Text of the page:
International Women’s Day 2018: Celebrating women’s leadership in health
How can we achieve gender equality and empower all women and girls? What does it mean to do so? What lessons have we learnt that can support progress towards this ambitious goal (Sustainable Development Goal 5) that nations of the world signed up to?
On International Women’s Day 2018, the WHO Regional Office for the Western Pacific approached women from different communities, age groups, occupations and positions throughout the region and asked them to share their experiences and stories of leadership and inspiration.
Advancing health through attention to gender, equity and human rights
Health programmes are increasingly recognizing that a one-size-fits-all approach does not reach all population groups and in some cases, may even increase inequities. Attention to gender, equity and human rights can advance health and is crucial for long-lasting achievements. The question is “how”? How can we ensure that health policies and programmes consider the concerns and experiences of women, men, girls and boys from diverse groups?
A collection of 17 practices that explore the “how” of embedding these issues into the design, implementation, monitoring and evaluation of health policies and programmes have been published in a new report on “Advancing health through attention to gender, equity and human rights”.
Addressing ageing and health in the Western Pacific
From 10-12 July 2017 the WHO Regional Office for the Western Pacific brought together representatives from Member States, experts and partners in Manila, Philippines to review progress and lessons learned in the implementation of the “Regional Framework for Action on Ageing and Health in the Western Pacific (2014-2019)” and to agree upon next steps.
Globally, the proportion of people older than 60 is growing faster than any other age group. The increase is especially rapid in middle-income countries. Ensuring older persons have access to health and long-term care services that are of adequate quality is an important part of the global agenda to promote universal health coverage, and a key target of the Sustainable Development Goals.
Sustainable Development Goals: Catalysing action for health and development
In October 2016, Member States endorsed the “Regional Action Agenda on Achieving the Sustainable Development Goals in the Western Pacific”. The Regional Action Agenda is intended to guide Member States as they consider the implications of the SDGs for national plans and priorities and set their own strategic goals and targets. It presents a menu of options and strategies that the health sectors in Member States may consider for achieving the SDGs.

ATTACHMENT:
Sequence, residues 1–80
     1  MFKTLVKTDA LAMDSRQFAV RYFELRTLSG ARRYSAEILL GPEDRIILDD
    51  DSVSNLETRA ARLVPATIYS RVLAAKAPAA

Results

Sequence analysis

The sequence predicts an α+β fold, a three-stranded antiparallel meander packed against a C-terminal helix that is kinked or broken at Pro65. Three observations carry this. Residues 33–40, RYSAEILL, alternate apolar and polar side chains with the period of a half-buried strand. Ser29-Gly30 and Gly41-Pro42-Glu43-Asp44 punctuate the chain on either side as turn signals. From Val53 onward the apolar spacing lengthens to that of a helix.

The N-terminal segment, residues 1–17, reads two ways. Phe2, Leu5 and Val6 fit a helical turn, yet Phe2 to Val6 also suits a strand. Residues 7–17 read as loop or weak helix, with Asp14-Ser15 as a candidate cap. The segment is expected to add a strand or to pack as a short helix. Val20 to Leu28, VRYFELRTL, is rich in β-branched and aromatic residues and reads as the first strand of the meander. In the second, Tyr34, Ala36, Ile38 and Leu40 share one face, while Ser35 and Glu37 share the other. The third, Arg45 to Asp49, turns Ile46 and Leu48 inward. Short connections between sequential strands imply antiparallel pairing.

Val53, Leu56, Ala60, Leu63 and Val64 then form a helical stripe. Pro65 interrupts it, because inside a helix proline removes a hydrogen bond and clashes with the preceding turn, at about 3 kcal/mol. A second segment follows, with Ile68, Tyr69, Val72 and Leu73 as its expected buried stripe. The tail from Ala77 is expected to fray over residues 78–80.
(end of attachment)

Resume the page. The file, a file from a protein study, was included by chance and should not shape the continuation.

Gender-based violence: a public health priority
Globally, one in three women have experienced physical and/or sexual violence, mostly by an intimate partner. Such violence is rooted in gender inequality and results in multiple physical, mental, sexual, reproductive and other health problems. Gender-based violence isn't only an issue for survivors, but for us all as human beings. Tackling gender-based violence requires everyone to work together – government sectors, civil society, men, women, families and communities.
The WHO Regional Office for the Western Pacific is raising awareness for this critical issue through its ongoing campaign: "Human Together".
Human Rights Day 2017: Non-discrimination is core to universal health coverage
10 December is Human Rights Day. In 2017 the day will highlight non-discrimination as core to achieving universal health coverage and the sustainable development goals.
Discrimination can come in many forms – through health laws and policies or through their implementation – and stem from a variety of factors such as cultural, social, gender and ethnic background and context. Because the root of discrimination is often multi-faceted, tackling discrimination requires a comprehensive approach. One needs to take a look at the sociocultural factors that keep people from receiving health services to effectively address discrimination. Critical areas for action include: exploring the attitudes and skills of doctors and nurses in delivering safe and compassionate care; as well as system-wide actions to ensure that laws, policies and practices do not discriminate against individuals or population groups.